By Roger Mummert,
Content Director, Review of Optometric Business
May 2, 2018
“Skate to where the puck is going, not where it has been.” –Wayne Gretzky, NHL all-time scorer
Chances are, if you’ve been to a few optical meetings, as I have, you’ve heard a speaker employ these words of wisdom in predicting the future of eyecare.
Predicting the future of eyecare is like the search for the Holy Grail, of course. But that doesn’t deter optical meeting content organizers (and content creators like us here at Review of Optometric Business) from attempting the quest.
I recently spoke with third- and fourth-year optometry students attending the Seventh Career Symposium at SUNY College of Optometry, and asked them about that very subject of the future of eyecare and their role in it.
Overwhelmingly, the students said they hoped to practice in an independent setting where their clinical skills would be applied toward helping patients with a wide variety of conditions to see better and live better lives.
I was inspired by the clear sense of purpose expressed by these members of the future optometric workforce.
At the same time, I was haunted by a video by a company marketing remote eye exams. The video shows an “eyecare professional” sitting at a computer, viewing a patient’s test results and teleconferencing with that patient in an “eye exam” that, the video says, lasts “less than 5 minutes.”
How would the bright shining faces of these optometry students fit into that video, I wondered? How would they square their expectations of relating to patients face-to-face with a workaday reality of teleconferencing 10-20 patients per hour via a computer screen?
The Career Symposium also included a lively panel discussion with five ODs in various practice modes: independent, corporate, hospital, industry and academia. Panelists spoke of the pros and cons of their practice settings, most noting the freedom to make decisions, as well as the limitations of their organizational protocols and policies.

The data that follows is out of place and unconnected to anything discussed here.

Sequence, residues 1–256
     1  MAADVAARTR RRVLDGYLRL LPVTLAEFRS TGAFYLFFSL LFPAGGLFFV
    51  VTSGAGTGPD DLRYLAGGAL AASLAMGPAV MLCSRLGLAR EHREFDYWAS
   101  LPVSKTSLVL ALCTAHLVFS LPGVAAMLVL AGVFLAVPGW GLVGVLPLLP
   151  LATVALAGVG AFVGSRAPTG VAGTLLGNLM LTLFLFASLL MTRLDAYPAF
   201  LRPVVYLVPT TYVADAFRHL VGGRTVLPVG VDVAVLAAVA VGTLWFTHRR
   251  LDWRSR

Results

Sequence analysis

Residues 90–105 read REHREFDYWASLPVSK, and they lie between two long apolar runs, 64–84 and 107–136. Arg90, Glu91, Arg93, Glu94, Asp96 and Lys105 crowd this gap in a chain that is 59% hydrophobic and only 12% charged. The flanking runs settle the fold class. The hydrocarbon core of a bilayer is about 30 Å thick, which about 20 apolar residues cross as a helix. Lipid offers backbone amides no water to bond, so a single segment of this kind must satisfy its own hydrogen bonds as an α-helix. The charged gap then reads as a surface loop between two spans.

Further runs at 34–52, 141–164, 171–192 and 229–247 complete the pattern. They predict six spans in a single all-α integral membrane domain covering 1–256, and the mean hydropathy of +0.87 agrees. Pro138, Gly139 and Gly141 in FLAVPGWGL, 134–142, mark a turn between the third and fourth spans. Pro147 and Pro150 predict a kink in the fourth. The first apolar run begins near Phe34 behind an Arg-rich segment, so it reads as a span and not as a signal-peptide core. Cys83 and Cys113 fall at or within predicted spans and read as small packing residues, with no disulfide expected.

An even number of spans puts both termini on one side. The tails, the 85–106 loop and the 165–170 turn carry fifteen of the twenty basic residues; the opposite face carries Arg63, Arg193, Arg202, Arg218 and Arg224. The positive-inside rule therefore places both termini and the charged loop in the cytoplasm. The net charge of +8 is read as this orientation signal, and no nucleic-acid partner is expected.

While telehealth was discussed as a present reality and future factor, nowhere did I see anyone talking about ODs sitting at a desk, viewing test results on a computer screen and conferencing with a new patient every five minutes for eight hours a day. And from anywhere in the country…or world?
Indeed, if the physical borders that determine licensure and scope of practice are dissolved, those teleconferences may be conducted by ODs in China, India, or in a developing nation where labor costs are a fraction of OD salaries here.
So, as we continually ask ourselves: Is this a threat or an opportunity? Or both?
Two realities provide perspective here: Telehealth is here now in many areas of medicine, and it inevitably will be a major factor in eyecare.
I recently spoke with a surgeon at the Mayo Clinic who conducts robotic surgery. “With robotics, the patient isn’t even in the room,” he told me. “They’re down the hall…but they could be in Europe.”
Take that thought a few years down the road: The surgeon removing an appendix could be directing the procedure from China or India. Our health plan may dictate that, based on cost and equivalent outcomes. And on the opportunity to expand care throughout the world.
By that time, will anyone be talking about whether someone needs to take or evaluate an acuity measurement in the same room as the patient?
Clearly, health care will go where it needs to go to achieve the primary goals of health-care reform: to expand access to care and to improve outcomes efficiently and economically.
I think back to the students I spoke with at the career fair, and how they have a lot on their plates. They need to develop clinical skills in the classroom, people skills in the clinic and business skills mostly while in practice. And along the way, they need to determine how they figure in the future of eyecare—and skate to where the hockey puck is going, hopefully, with the patient still in the center of that future.
Roger Mummert is Director of Content for Review of Optometric Business. Contact: Rmummert@jobson.com.